Women’s football claims unequal pay

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A federal judge rejected the claim for uneven pay for players from the United States’ national women’s football team, but allowed their allegation of discriminatory travel accommodations and medical support services to stand trial.

Players led by Alex Morgan say they were not paid also under their collective agreement for what the national men’s team receives under their contract of employment and have asked for more than $ 66 million in damages under the Equal Remuneration Act and Title VII of the Civil Rights Act of 1964.

In a 32-page decision on Friday, US district judge R. Gary Klausner partially granted a motion for summary judgment from the American Football Federation. He rejected the allegations of the Equal Remuneration Law but left the claims of the Civil Rights Law intact.

“The history of negotiations between the parties shows that the WNT rejected a payment offer using the same pay-as-you-go structure as the DTM, and the WNT was willing to forgo higher premiums for benefits, such as higher base pay and guaranteed more players under contract, ”wrote Klausner.

“As a result, claimants can not now retroactively consider their CBA worse than the DTM CBA by referring to what they would have done if they had been paid according to the structure of the DTM game payment conditions when they themselves rejected such a structure, “he said.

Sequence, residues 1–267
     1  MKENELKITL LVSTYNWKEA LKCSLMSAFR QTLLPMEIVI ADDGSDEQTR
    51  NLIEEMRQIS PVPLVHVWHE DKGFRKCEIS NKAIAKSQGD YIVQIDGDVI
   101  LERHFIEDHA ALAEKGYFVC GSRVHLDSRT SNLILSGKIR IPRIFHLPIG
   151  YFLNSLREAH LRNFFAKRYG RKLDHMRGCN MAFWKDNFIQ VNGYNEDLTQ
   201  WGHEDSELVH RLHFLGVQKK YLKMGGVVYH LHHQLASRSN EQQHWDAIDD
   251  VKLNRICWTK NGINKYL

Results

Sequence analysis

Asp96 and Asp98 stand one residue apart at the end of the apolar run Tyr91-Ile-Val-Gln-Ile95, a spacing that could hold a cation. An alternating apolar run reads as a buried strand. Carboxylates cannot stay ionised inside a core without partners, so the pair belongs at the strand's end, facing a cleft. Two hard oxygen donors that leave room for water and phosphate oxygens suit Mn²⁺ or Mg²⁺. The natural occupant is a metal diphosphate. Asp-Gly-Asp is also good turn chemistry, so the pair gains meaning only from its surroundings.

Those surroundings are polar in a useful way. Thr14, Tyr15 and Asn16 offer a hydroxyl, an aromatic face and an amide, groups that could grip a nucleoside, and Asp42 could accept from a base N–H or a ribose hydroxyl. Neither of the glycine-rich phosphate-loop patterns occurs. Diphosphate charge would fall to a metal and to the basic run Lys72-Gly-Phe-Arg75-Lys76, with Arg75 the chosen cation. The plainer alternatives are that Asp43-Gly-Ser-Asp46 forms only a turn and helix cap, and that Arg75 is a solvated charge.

Klausner has left claims that the USSF discriminated in its use of charter flights, hotel accommodation, medical assistance and training assistance.

A trial is scheduled for June 16 in federal court in Los Angeles.

“We are shocked and disappointed with today’s decision, but we will not give up our hard work for equal pay,” said players’ spokesperson Molly Levinson in a statement. “We are confident in our case and firm in our commitment to ensure that girls and women who practice this sport are not less appreciated simply because of their gender.”

The players plan to ask the United States’ 9th Circuit Court of Appeals to quash Klausner’s decision, which may delay the trial.

“We have learned that there are huge obstacles to change; we know it takes bravery, courage and persistence to stand up to them, “said Levinson.

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